A community is forming now in Fort Mill South Carolina. Fort Mill is minutes from North Carolina and 25 minutes from Downtown Charlotte.
We Celebrate The Divine Liturgy of St John Chrysostom - Byzantine (Ruthenian) Rite
On the First Saturday of each month we will have a short informal presentation about our Church and Faith. All are welcome to attend and we will have sessions for Children and Adults. Topics will change each month.
History of Byzantine Church.
Presentation / Meeting in the Temple.
Preparation Season in Byzantine Faith
Symbolism and Meaning of Aspects of Baptism, & Chrismation
History and explanation of the Blessing of the Easter Basket
Mysteries (Sacraments) of Reconciliation (Confession) and Anointing of the Sick
Life of the Apostles after Pentecost
Please come and bring a friend who is interested in deepening their knowledge of Jesus Christ and our Church.
In the Church’s annual liturgical cycle, Pentecost is “the last and great day.” It is the celebration by the Church of the coming of the Holy Spirit as the end—the achievement and fulfillment—of the entire history of salvation. For the same reason, however, it is also the celebration of the beginning: it is the “birthday” of the Church as the presence among us of the Holy Spirit, of the new life in Christ, of grace, knowledge, adoption to God and holiness.
This double meaning and double joy is revealed to us, first of all, in the very name of the feast. Pentecost in Greek means fifty, and in the sacred biblical symbolism of numbers, the number fifty symbolizes both the fulness of time and that which is beyond time: the Kingdom of God itself. It symbolizes the fulness of time by its first component: 49, which is the fulness of seven (7 x 7): the number of time. And, it symbolizes that which is beyond time by its second component: 49 + 1, this one being the new day, the “day without evening” of God’s eternal Kingdom. With the descent of the Holy Spirit upon Christ’s disciples, the time of salvation, the Divine work of redemption has been completed, the fulness revealed, all gifts bestowed: it belongs to us now to “appropriate” these gifts, to be that which we have become in Christ: participants and citizens of His Kingdom.
“I ascend unto My Father and your Father, and to My God, and Your God” (John 20:17).
In these words the Risen Christ described to Mary Magdalene the mystery of His Resurrection. She had to carry this mysterious message to His disciples, “as they mourned and wept” (Mark 16:10). The disciples listened to these glad tidings with fear and amazement, with doubt and mistrust. It was not Thomas alone who doubted among the Eleven. On the contrary, it appears that only one of the Eleven did not doubt—Saint John, the disciple “whom Jesus loved.” He alone grasped the mystery of the empty tomb at once: “and he saw, and believed” (John 20:8). Even Peter left the sepulcher in amazement, “wondering at that which was come to pass” (Luke 24:12).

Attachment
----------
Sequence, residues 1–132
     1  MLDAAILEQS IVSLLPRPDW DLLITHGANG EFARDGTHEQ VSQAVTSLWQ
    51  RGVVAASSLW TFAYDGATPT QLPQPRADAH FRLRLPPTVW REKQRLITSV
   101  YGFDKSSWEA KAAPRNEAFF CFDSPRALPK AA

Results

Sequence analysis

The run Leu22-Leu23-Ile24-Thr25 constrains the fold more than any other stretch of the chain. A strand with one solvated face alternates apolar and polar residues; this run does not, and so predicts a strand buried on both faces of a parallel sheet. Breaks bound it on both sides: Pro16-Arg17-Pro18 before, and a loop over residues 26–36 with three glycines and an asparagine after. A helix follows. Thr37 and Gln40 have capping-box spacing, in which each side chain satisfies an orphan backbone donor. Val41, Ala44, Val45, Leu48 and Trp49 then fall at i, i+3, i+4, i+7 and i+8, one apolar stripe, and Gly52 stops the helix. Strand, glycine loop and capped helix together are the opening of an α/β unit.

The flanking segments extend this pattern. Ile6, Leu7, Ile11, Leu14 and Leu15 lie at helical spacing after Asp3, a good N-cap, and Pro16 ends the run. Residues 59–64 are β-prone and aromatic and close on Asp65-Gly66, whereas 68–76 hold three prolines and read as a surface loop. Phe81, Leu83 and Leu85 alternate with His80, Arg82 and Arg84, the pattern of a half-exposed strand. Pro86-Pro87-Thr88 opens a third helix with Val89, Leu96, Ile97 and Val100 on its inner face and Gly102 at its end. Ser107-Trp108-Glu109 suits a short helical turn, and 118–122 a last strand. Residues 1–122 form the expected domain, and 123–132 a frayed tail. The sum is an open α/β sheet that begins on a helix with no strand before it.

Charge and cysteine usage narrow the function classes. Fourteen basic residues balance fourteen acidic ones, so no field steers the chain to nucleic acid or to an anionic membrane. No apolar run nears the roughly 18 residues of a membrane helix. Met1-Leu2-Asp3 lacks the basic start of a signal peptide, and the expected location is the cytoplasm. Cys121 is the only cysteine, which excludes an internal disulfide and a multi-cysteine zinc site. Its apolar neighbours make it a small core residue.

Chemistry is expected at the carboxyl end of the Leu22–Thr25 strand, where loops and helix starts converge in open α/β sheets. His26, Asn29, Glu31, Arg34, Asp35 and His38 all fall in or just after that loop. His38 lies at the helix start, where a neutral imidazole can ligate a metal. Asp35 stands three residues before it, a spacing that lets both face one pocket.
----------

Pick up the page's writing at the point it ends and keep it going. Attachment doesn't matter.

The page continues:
The resurrection of Jesus Christ from the dead is the center of the Christian faith. Saint Paul says that if Christ is not raised from the dead, then our preaching and faith are in vain (I Cor. 15:14). Indeed, without the resurrection there would be no Christian preaching or faith. The disciples of Christ would have remained the broken and hopeless band which the Gospel of John describes as being in hiding behind locked doors for fear of the Jews. They went nowhere and preached nothing until they met the risen Christ, the doors being shut (John 20: 19). Then they touched the wounds of the nails and the spear; they ate and drank with Him. The resurrection became the basis of everything they said and did (Acts 2-4): “. . . for a spirit has not flesh and bones as you see that I have” (Luke 24:39).
This community is forming with the blessing of Bishop Kurt Burnette of the Byzantine Catholic Eparchy of Passaic, New Jersey
This community is forming with the assistance of Fr. Steven Galuschik, Pastor of All Saints Church in North Fort Myers, Florida.
We are offering weekly Liturgical services in the Byzantine Rite.
The Byzantine Catholic Church is an Eastern Church in union with Rome; Carpatho-Rusyn in background and is an American Eastern Church. Our Liturgy blends the colors of our many icons with congregational chant and our fragrant incense in prayer.
We invite you to come and see who we are and what we are all about as part of the Eastern half of the Universal Church.